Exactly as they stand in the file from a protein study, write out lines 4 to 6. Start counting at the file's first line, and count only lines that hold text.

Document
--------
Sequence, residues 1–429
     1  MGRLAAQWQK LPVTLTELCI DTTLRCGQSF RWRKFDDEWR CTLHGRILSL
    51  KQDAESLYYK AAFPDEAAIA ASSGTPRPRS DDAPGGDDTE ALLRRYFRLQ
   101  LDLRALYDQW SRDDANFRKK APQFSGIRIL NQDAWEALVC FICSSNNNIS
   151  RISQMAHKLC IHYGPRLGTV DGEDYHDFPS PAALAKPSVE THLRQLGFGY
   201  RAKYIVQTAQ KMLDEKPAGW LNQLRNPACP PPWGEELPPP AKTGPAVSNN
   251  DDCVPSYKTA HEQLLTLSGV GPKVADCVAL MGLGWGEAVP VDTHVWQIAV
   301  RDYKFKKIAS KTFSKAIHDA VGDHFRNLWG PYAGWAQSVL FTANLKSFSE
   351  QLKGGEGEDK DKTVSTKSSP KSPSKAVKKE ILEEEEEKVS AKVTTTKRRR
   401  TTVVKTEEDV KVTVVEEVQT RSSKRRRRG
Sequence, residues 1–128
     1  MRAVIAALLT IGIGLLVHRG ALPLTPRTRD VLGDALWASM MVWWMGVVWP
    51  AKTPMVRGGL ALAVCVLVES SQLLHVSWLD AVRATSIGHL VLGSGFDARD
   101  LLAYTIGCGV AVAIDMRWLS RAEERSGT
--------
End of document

   101  LDLRALYDQW SRDDANFRKK APQFSGIRIL NQDAWEALVC FICSSNNNIS
   151  RISQMAHKLC IHYGPRLGTV DGEDYHDFPS PAALAKPSVE THLRQLGFGY
   201  RAKYIVQTAQ KMLDEKPAGW LNQLRNPACP PPWGEELPPP AKTGPAVSNN